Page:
Hampton wrestler Hart eying county, PIAA titles
TribLIVE Sports Videos
With 100 career wins, a truckload of medals and a Division I scholarship in hand, Hampton wrestler Jake Hart spent his summer working toward one thing that has evaded his illustrious résumé: a PIAA gold medal.
Hart finished last season with a PIAA silver, and although his goal will not be easy, he is not going to rest on the past.
“I want to win that state championship,” Hart said. “I pounded the weights with our junior high coach (Mike Thompson) this summer and feel night-and-day different from last year. Last year, it was easy to keep weight. Now, I have to cut from 203 before each match.
“I feel so much bigger, and I can force stuff I couldn't last year.”
With the Allegheny County Wrestling Tournament staring Hart and the Talbots in the face this weekend, the senior said he will lean on his experience in addition to his physical attributes in hopes of winning his first county gold medal. He has been a silver medalist three times.
“There is no messing around the first or second rounds (at the county tournament)” Hart said. “I will do what I do to stay on top and mentally break them. I hope to win it this time.”
Hampton coach Joe Bursick said Hart has made a lot of strides in his craft. He put in the time, according to Bursick, and now it is a matter of combining his improvement in the top position with his experience on big stages.
“Jake signed with Edinboro University, so it says a lot for a Division I program to show that kind of faith in him,” Bursick said. “He was poised at the Powerade Tournament, and that experience will make countys look smaller.
“Jake turned up his aggression and is coming in with confidence.”
Hart — who took second in the 195-pound class — should be confident, but he is not going into any tournament unprepared.
“It was cool to get the 100 wins, because that takes time and you basically have to start as a ninth grader to get there,” Hart said. “Coach Bursick has kept the same gameplan that has worked for us ... wrestle hard and keep improving.”
Hart is within striking distance of Brian Pogel's career win mark at Hampton and is the 12th wrestler to win 100 or more matches.
To succeed at countys, Hart said he has to use his new-found explosion and added size and strength to his advantage. He said he was on the small side last year, and some time with the Pitt Wrestling Club in addition to his other work helped him add some new techniques.
Not just out for himself, Hart mentioned his teammates and the fact they all grew up together and that his workout partner Noah Shulman has been a large help.
“Noah is a strong and sturdy partner,” Hart said. “We have been together for a long time.”
Hart knows that, barring injury, the sky is the limit for him and his wrestling career, and noted that a big technical-fall win in the state championships last year was a highlight he will never forget.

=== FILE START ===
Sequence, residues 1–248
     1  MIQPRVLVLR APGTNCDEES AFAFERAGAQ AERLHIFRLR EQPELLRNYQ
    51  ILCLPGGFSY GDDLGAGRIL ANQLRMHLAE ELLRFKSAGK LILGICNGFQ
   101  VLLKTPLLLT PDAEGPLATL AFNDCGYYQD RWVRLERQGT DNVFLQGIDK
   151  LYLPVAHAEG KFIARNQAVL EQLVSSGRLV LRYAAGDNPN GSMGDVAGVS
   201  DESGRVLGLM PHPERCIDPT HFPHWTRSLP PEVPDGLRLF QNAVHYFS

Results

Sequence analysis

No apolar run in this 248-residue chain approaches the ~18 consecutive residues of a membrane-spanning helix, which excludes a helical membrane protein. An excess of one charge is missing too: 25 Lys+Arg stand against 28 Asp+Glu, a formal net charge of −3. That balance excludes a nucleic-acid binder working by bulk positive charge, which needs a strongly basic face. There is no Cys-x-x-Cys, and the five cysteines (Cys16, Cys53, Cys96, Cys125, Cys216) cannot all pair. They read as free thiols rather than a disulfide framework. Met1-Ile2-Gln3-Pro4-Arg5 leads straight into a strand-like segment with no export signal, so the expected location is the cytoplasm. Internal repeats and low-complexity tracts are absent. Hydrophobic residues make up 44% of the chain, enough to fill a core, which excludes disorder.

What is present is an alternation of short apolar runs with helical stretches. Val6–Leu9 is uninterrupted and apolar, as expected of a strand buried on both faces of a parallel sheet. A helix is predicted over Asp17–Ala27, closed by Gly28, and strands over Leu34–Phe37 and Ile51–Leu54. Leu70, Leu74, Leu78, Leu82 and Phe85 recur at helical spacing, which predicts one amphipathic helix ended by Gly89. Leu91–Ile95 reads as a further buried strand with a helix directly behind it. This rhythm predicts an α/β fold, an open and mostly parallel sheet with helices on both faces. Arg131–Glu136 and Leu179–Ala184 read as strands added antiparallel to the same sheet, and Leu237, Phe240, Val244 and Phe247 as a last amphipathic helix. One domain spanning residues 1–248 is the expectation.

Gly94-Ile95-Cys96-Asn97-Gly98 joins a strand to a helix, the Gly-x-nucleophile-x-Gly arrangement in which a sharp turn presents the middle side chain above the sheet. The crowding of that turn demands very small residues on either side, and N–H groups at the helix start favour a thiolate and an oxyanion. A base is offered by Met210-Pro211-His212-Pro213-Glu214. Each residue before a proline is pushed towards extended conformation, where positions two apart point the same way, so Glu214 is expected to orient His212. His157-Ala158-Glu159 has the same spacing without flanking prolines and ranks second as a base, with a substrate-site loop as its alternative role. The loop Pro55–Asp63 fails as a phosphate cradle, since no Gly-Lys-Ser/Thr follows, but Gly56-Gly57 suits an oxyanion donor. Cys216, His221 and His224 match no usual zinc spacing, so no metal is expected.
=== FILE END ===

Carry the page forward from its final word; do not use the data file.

“At that moment, to know you are one of the top two (wrestlers) in the state is an awesome feeling,” Hart said.
Hart and the Hampton faithful hope there are a few more moments like that one still to come.
Jerry Clark is a staff writer for Trib Total Media. He can be reached at email@example.com.
Show commenting policy
TribLive commenting policy
You are solely responsible for your comments and by using TribLive.com you agree to our Terms of Service.
We moderate comments. Our goal is to provide substantive commentary for a general readership. By screening submissions, we provide a space where readers can share intelligent and informed commentary that enhances the quality of our news and information.
While most comments will be posted if they are on-topic and not abusive, moderating decisions are subjective. We will make them as carefully and consistently as we can. Because of the volume of reader comments, we cannot review individual moderation decisions with readers.
We value thoughtful comments representing a range of views that make their point quickly and politely. We make an effort to protect discussions from repeated comments either by the same reader or different readers.
We follow the same standards for taste as the daily newspaper. A few things we won't tolerate: personal attacks, obscenity, vulgarity, profanity (including expletives and letters followed by dashes), commercial promotion, impersonations, incoherence, proselytizing and SHOUTING. Don't include URLs to Web sites.
We do not edit comments. They are either approved or deleted. We reserve the right to edit a comment that is quoted or excerpted in an article. In this case, we may fix spelling and punctuation.
We welcome strong opinions and criticism of our work, but we don't want comments to become bogged down with discussions of our policies and we will moderate accordingly.
We appreciate it when readers and people quoted in articles or blog posts point out errors of fact or emphasis and will investigate all assertions. But these suggestions should be sent via e-mail. To avoid distracting other readers, we won't publish comments that suggest a correction. Instead, corrections will be made in a blog post or in an article.